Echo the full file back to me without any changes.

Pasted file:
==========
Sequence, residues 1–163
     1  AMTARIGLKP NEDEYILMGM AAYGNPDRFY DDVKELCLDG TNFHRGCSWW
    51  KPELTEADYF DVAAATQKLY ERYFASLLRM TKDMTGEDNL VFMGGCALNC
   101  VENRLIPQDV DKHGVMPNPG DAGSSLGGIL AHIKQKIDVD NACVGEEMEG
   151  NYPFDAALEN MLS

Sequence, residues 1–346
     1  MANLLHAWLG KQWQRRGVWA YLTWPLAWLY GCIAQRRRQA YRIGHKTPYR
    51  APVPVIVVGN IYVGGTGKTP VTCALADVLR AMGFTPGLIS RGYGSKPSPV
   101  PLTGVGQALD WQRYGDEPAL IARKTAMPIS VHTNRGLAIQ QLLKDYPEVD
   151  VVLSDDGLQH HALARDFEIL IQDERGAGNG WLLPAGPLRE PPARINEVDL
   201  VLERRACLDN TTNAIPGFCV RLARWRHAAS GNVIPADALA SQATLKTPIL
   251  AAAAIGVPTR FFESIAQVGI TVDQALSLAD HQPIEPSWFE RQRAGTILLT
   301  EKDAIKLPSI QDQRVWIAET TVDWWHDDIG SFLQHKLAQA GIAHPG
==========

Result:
Sequence, residues 1–163
     1  AMTARIGLKP NEDEYILMGM AAYGNPDRFY DDVKELCLDG TNFHRGCSWW
    51  KPELTEADYF DVAAATQKLY ERYFASLLRM TKDMTGEDNL VFMGGCALNC
   101  VENRLIPQDV DKHGVMPNPG DAGSSLGGIL AHIKQKIDVD NACVGEEMEG
   151  NYPFDAALEN MLS

Sequence, residues 1–346
     1  MANLLHAWLG KQWQRRGVWA YLTWPLAWLY GCIAQRRRQA YRIGHKTPYR
    51  APVPVIVVGN IYVGGTGKTP VTCALADVLR AMGFTPGLIS RGYGSKPSPV
   101  PLTGVGQALD WQRYGDEPAL IARKTAMPIS VHTNRGLAIQ QLLKDYPEVD
   151  VVLSDDGLQH HALARDFEIL IQDERGAGNG WLLPAGPLRE PPARINEVDL
   201  VLERRACLDN TTNAIPGFCV RLARWRHAAS GNVIPADALA SQATLKTPIL
   251  AAAAIGVPTR FFESIAQVGI TVDQALSLAD HQPIEPSWFE RQRAGTILLT
   301  EKDAIKLPSI QDQRVWIAET TVDWWHDDIG SFLQHKLAQA GIAHPG